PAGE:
Is Your Agency Among the ‘Best Places to Work’ in Government?

Is your agency one of the “best places to work” in the federal government? Here are the results for 2017 as compiled by the Partnership for Public Service.

The Partnership for Public Service has released the 2017 Best Places to Work in the Federal Government® rankings in conjunction with Deloitte, an annual compilation based primarily on data from the Federal Employee Viewpoint Survey conducted by the Office of Personnel Management (OPM).

The rankings collectively showed a 2.1 point increase in federal employee engagement over last year for a score of 61.5 out of 100. This represents the highest overall score since 2011 and builds on a 2.5 point improvement during the previous two years.

“The gains in federal employee engagement are promising and indicate that an intentional focus on the management of the workforce can make a difference,” said Max Stier, Partnership president and CEO.

The Partnership noted, however, that despite the improvement, the data still show that the federal workforce lags the private sector in overall employee satisfaction.

According to data provided by employee research firm Mercer | Sirota, the 2017 employee engagement score for private sector employees is 77.8 out of 100, 16.3 points higher than the federal government. Only eight federal agencies scored above the private sector average this year.

“When comparing the government to the private sector, we must see greater progress,” said Stier. “Federal leaders should understand that the government competes with the private sector for the best talent, and the government should endeavor to meet or exceed employee engagement levels seen in the best private sector companies.”

Agency Rankings

The rankings include 200 federal agencies and their subcomponents: 18 large federal agencies, 25 midsize agencies, 7 small agencies and 150 subcomponents. Organizations are ranked within one of four groupings: large agency (15,000 or more employees), midsize agency (1,000 – 14,999 employees), small agency (100 – 999 employees) and agency subcomponent (sub agency, bureau, division, center or office).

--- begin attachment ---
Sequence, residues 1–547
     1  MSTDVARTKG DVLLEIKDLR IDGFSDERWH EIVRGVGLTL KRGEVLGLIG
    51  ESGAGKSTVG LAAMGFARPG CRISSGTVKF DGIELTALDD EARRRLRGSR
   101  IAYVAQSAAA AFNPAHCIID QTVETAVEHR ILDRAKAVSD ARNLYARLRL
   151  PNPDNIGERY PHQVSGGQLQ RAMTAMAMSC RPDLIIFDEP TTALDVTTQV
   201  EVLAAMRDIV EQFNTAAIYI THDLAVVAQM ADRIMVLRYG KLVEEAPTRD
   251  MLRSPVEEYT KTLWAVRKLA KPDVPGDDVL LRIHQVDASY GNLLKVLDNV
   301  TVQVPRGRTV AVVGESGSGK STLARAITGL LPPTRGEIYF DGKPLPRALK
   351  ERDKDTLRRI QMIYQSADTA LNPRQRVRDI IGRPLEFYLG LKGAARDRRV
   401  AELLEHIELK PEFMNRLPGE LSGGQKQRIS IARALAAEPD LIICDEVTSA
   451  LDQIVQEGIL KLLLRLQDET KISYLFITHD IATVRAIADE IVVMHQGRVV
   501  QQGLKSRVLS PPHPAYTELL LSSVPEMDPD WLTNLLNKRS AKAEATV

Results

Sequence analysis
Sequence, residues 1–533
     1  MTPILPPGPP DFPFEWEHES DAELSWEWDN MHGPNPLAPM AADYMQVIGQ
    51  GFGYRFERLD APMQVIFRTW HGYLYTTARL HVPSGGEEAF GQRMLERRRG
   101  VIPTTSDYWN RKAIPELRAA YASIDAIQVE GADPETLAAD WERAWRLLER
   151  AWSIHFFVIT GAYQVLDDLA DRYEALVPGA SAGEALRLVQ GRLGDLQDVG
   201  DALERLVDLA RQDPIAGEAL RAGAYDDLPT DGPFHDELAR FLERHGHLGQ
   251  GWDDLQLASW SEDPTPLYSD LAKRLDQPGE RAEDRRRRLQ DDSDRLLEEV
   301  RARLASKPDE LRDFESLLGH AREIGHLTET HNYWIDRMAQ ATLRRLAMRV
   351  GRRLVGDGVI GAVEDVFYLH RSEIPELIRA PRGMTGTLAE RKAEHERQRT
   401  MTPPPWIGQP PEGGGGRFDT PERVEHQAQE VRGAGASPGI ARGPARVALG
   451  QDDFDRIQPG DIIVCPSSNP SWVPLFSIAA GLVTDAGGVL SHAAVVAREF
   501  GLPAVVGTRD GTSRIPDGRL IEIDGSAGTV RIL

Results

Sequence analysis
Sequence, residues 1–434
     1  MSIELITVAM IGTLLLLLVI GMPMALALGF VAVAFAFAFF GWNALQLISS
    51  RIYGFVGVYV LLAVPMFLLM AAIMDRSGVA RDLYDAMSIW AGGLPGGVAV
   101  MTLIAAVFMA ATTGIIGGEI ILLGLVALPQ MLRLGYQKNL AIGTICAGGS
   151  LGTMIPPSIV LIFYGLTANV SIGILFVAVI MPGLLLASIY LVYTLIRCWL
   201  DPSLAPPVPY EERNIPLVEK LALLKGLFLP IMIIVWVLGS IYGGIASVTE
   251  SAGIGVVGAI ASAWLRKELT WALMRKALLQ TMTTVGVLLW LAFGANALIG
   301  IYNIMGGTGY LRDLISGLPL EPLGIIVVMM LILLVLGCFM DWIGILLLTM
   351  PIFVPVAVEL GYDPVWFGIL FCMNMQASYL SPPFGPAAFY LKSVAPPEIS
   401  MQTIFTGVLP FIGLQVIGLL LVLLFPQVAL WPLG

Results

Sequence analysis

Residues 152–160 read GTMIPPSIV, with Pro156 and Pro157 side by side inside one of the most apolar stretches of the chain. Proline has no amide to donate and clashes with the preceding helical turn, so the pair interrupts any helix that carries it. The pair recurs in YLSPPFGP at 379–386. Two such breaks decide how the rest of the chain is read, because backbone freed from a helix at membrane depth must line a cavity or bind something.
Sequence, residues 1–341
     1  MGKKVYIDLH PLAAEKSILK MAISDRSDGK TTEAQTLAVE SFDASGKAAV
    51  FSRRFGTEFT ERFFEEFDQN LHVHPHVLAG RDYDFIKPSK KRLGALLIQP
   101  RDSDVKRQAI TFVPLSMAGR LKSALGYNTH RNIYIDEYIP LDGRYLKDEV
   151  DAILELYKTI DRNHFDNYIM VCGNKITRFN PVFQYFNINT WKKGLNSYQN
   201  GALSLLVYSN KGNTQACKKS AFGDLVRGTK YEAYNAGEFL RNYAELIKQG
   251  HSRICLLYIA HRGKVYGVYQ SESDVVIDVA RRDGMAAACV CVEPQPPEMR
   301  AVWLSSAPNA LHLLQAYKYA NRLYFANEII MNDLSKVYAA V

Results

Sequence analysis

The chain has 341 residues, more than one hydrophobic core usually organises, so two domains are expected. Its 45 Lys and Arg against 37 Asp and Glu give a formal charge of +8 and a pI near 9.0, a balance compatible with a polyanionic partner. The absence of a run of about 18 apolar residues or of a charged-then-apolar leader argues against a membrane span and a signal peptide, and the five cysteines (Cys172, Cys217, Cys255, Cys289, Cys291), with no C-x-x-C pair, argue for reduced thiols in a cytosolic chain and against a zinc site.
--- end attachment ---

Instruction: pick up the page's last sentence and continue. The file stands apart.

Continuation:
Below are highlights of the top agencies in the large, mid and small categories.

Large Agencies

  1. National Aeronautics and Space Administration
  2. Department of Health and Human Services
  3. Department of Commerce
  4. Department of Transportation
  5. Intelligence Community
  6. Department of Labor
  7. Department of Agriculture
  8. Department of State
  9. Department of the Interior
  10. Department of the Navy

Mid-Size Agencies

  1. Federal Energy Regulatory Commission
  2. Government Accountability Office
  3. Federal Deposit Insurance Corporation
  4. Federal Trade Commission
  5. Securities and Exchange Commission
  6. Peace Corps
  7. Consumer Financial Protection Bureau
    Smithsonian Institution
  1. National Science Foundation
  2. General Services Administration

Small Agencies*

  1. Overseas Private Investment Corporation
  2. Office of Management and Budget
  3. Millennium Challenge Corporation
  4. Pension Benefit Guaranty Corporation
  5. Railroad Retirement Board
  6. National Gallery of Art
  7. Commodity Futures Trading Commission

* OPM initially did not provide data this year for 21 small agencies and 165 subcomponents that were part of the 2016 Best Places to Work analysis. For the first time, OPM limited the available data to agencies and work units with 300 or more respondents instead of 50 respondents, significantly reducing the number of agencies and subcomponents the Partnership could include in the 2017 rankings.

However, OPM reversed its decision and provided the missing data on December 5. As a result of this decision, the rankings for small agencies and subcomponents will be revised in early 2018.

The complete Best Places to Work rankings are available at, and the revised rankings to be released early next year will be available there as well.

About the Author

Ian Smith is one of the co-founders of He has over 20 years of combined experience in media and government services, having worked at two government contracting firms and an online news and web development company prior to his current role at FedSmith.